HTN Awards 2023: Partnership of the Year

Here we take a look at all of the entries for the Health Tech Awards 2023 category of ‘Partnership of the Year’.

Inhealthcare Limited with the NHS and Scottish Government

Overview: Inhealthcare has partnered with the NHS and Scottish Government to develop and expand a range of remote monitoring pathways to help patients safely self-manage their health needs at home.

Why? Every year, more than one million GP appointments take place across Scotland to measure blood pressure, increasing demand on already-stretched services.

What happened? Working in partnership with the NHS and Scottish Government, Inhealthcare has developed and expanded a wide range of national pathways for long-term conditions including asthma, chronic obstruc-tive pulmonary disease, heart failure and hypertension. So far, 15,000 patients have benefited from the updated pathways, including 7,500 patients for blood pressure monitoring. The Connect Me programme is provided free to the public via mobile app, website, text message or automated phone call, promoting digital inclusion for those without smartphones or broadband at home. It is being used to monitor the effects of starting or stopping treatments, issue reminders or encouragement, spot flare-ups so treatment can be delivered sooner, identify reasons why a condition might not be well controlled and offer advice and support during treatment plans. Notably, the pathway reduced health inequalities with more than twice as many people from disadvantaged areas using the system than those from affluent areas. Inhealthcare and the TEC team have weekly, monthly and quarterly catch-ups. Each pathway integrates with the SCI Store and Docman hospital and GP systems. Since the pandemic, 23 pathways have been developed which has been a remarkable achievement. The team have worked hard to engage with stakeholders across the health boards to ensure understanding and buy-in at every step.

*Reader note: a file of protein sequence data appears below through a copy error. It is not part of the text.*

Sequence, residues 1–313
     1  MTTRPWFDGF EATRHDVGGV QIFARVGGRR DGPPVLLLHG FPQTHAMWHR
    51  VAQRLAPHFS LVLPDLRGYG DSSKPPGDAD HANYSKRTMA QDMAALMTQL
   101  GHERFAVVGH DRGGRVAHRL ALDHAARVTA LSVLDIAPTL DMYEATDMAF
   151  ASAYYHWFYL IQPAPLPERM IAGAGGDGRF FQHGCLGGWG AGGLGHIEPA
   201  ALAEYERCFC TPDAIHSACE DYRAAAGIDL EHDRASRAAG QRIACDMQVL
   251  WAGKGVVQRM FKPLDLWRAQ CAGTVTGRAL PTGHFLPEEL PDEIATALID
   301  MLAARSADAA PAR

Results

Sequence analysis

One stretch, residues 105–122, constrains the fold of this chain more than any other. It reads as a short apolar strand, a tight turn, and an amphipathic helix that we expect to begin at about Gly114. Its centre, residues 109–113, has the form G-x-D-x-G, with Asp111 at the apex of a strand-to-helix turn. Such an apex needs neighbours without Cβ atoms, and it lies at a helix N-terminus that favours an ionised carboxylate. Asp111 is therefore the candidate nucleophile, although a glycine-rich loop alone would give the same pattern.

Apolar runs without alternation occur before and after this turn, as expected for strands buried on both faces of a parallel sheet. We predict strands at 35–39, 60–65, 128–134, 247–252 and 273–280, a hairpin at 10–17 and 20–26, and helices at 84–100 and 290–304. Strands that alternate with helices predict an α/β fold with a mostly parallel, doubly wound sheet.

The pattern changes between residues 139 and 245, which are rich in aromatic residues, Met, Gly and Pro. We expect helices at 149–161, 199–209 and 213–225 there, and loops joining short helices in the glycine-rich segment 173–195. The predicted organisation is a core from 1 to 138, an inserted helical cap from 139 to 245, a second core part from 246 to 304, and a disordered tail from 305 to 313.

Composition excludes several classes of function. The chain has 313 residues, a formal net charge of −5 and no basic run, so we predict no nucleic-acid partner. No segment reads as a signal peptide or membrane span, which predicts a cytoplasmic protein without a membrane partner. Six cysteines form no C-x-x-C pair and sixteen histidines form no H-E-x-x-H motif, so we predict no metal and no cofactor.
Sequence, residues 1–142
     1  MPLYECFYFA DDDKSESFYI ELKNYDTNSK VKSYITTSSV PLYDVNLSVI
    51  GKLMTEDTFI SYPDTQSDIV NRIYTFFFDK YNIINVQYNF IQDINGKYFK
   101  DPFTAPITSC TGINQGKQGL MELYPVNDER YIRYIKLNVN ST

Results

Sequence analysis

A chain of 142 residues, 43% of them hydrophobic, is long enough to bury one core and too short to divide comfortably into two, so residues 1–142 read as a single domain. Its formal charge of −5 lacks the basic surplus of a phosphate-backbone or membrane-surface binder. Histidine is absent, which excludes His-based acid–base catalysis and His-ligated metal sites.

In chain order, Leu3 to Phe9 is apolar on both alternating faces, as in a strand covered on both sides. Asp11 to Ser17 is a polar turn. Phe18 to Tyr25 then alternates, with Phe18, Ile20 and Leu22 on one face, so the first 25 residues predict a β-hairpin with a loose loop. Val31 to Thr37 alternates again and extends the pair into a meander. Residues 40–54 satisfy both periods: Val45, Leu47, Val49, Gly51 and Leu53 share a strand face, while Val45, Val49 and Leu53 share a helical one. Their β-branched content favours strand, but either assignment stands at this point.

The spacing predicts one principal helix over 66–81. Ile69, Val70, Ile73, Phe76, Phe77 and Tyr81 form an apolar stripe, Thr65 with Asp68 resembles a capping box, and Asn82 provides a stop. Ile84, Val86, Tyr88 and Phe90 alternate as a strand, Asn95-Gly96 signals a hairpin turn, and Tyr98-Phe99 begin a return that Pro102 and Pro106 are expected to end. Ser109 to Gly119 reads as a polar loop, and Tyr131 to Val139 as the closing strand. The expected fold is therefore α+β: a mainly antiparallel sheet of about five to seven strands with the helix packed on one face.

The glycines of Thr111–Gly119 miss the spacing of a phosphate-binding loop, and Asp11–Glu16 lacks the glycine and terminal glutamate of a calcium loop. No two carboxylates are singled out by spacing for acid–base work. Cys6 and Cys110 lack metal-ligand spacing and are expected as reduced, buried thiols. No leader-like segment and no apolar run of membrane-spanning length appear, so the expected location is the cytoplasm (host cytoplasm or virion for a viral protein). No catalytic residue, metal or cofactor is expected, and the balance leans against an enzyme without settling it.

Looking ahead. The TEC team has access to the Inhealthcare Toolkit, meaning new services can be built in-house. The Toolkit includes components that can be reused, meaning development, testing and deployment of pathways can be achieved at speed.

Alvie Health and ESNEFT

Overview: The ESNEFT-Alvie partnership is the first human+digital model of scalable personalised care for cancer patients in the NHS.